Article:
## Georgia on my mind

Posted in Books, Kids, Statistics, Travel with tags , , , , , , , , on May 12, 2021 by xi'an

The riddle of this week was inspired by the latest presidential elections when one State after another flipped the winner from Trump to Biden. Incl. Georgia.

On election night, the results of the 80 percent who voted on Election Day are reported out. Over the next several days, the remaining 20 percent of the votes are then tallied. What is the probability that the candidate who had fewer votes tallied on election night ultimately wins the race?

Assuming many votes, perfect balance between both candidates (p=½), and homogeneity between early and late ballots, the question boils down to the probability of a sum of two normals, X+Y, ending up being of the opposite sign from X, when the variances of X and Y are α and 1-α. Which writes as the expectation

$2 \mathbb{E}_\alpha[\Phi(-X/\sqrt{1-\alpha})]$

equal to

$\frac{2}{2\pi}\left(\frac{\pi}{2} + \arctan\{\sqrt{\alpha/(1-\alpha)|}\}\right)$

which returns a probability of about 0.14 when α=0.8. When looking at the actual data for Georgia, out of 5 million voters, at some point 235,000 ballots remained to be counted with Trump on the lead. This means an α about 0.05 and implies a probability of 7% (not accounting for the fact that the remaining mail-in-ballots were more favourable to Biden.)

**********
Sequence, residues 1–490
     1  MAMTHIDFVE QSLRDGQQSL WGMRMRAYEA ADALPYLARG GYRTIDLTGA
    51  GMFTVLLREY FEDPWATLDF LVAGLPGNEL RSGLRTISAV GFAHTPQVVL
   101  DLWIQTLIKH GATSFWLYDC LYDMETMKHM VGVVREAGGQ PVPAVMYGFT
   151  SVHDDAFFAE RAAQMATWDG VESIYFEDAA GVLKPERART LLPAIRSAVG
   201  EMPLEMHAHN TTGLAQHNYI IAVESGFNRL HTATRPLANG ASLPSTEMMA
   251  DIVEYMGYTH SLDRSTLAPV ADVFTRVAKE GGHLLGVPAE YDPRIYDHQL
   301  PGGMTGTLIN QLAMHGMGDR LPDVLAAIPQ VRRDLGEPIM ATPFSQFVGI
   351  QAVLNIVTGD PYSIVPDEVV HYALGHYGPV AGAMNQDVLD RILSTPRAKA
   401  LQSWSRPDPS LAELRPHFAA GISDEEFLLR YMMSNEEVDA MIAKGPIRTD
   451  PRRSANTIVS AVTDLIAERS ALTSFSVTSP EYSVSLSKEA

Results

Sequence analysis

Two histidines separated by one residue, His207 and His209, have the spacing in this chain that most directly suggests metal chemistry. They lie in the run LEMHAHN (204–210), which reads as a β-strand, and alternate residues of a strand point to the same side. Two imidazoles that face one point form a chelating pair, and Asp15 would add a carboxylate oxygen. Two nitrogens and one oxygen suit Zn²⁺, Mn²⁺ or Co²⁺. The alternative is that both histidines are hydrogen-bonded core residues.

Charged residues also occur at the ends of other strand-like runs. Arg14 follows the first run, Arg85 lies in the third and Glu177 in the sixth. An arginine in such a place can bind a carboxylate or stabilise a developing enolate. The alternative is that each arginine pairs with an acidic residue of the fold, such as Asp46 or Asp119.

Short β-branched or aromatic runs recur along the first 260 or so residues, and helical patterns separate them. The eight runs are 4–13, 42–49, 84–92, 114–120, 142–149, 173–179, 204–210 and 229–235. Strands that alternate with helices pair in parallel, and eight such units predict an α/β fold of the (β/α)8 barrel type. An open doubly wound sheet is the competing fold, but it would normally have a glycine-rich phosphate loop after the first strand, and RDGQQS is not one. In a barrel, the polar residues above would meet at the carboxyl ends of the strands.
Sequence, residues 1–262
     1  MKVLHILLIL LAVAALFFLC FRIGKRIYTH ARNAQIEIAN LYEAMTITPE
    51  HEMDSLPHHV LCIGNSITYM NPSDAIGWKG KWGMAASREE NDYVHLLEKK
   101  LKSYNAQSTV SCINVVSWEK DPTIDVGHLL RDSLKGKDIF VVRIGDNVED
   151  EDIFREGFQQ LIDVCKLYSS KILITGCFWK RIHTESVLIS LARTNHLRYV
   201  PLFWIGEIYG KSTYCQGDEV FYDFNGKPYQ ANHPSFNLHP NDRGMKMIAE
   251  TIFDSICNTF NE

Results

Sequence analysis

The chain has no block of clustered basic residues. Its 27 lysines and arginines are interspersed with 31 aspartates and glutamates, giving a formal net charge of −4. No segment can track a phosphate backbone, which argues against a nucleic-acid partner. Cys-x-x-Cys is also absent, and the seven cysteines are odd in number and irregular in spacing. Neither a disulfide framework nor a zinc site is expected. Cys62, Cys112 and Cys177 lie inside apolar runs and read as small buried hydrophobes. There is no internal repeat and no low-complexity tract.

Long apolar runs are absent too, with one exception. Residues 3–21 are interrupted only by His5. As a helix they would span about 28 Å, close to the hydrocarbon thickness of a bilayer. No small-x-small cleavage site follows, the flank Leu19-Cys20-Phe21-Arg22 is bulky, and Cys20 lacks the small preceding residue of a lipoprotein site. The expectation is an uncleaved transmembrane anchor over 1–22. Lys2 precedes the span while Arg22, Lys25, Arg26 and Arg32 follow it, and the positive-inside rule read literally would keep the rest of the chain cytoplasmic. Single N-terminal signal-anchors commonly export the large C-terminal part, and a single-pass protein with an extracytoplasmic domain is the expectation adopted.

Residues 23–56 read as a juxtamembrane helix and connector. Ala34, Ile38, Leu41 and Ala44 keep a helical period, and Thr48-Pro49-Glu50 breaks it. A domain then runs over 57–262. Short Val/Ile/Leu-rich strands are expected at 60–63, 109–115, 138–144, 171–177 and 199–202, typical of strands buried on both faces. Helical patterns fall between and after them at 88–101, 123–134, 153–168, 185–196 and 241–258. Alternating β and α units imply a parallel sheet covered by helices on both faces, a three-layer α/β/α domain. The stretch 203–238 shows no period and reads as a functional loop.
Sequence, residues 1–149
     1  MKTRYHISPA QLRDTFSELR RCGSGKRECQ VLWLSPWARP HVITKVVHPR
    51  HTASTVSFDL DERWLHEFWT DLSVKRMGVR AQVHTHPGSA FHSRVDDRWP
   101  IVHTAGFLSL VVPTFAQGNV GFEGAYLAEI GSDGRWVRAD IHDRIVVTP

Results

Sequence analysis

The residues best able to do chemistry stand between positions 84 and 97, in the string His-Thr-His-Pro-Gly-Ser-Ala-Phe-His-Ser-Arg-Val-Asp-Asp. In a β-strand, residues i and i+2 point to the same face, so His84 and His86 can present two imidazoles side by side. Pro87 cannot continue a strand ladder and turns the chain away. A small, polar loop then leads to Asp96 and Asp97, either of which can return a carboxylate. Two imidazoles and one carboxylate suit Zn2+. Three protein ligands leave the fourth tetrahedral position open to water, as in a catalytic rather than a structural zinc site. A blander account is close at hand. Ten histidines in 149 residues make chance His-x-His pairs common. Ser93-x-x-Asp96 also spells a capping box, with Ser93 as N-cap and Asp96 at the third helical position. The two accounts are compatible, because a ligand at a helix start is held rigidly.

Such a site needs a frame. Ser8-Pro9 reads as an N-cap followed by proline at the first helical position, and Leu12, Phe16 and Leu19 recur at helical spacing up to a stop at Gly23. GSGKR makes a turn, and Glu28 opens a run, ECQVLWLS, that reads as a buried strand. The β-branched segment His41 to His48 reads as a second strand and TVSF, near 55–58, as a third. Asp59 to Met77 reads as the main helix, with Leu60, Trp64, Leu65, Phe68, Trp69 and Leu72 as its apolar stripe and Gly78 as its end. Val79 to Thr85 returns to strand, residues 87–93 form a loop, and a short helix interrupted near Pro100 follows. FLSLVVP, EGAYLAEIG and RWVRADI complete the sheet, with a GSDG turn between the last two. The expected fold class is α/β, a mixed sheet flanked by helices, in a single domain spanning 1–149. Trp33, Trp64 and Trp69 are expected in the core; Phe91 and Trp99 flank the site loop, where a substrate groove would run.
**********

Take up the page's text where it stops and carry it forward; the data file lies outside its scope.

## M cover

Posted in Books, pictures, Travel with tags , , , , , , on January 17, 2021 by xi'an

## it was the spring of hope, it was the winter of despair

Posted in Kids, Travel with tags , , , , , , , , , , , on January 16, 2021 by xi'an

## it was the best of times, it was the worst of times

Posted in Books, pictures, Travel with tags , , , , , , , , , , , , , , , on January 7, 2021 by xi'an

## The trouble with peace [book review]

Posted in Books with tags , , , , , , on December 26, 2020 by xi'an

This is the second volume of Joe Abercombie‘s The Age of Madness trilogy, which takes place (as usual) in a renaissance-like universe, except it now comes with Da Vinci’s like industrial innovations starting to disrupt its medieval social order (and the role of magic, almost gone) and making this admittedly ugly cover relevant. (Just like the rich quotes and titles from his previous books, Abercrombie is demonstrating a serious grasp of literature, since the title comes from a line of Bertold Brecht: “You know what the trouble with peace is? No organization.”)

“Enemies are like furniture, aren’t they? Better chosen for oneself than inherited.”

This book is just as good as the previous one, if a bit slow in building its climactic battle and somewhat predictable. The characters are as formidable as previously, if facing steep odds and declines of fortune, with hilarious scenes and dialogues (as always with Abercrombie), including some pastiches of Trumpian talks. And a more serious take on the standards of the genre, with workers becoming a revolutionary force ready to overthrown the antiquated power structure. Looking forward the last volume, planned to be published a year from now.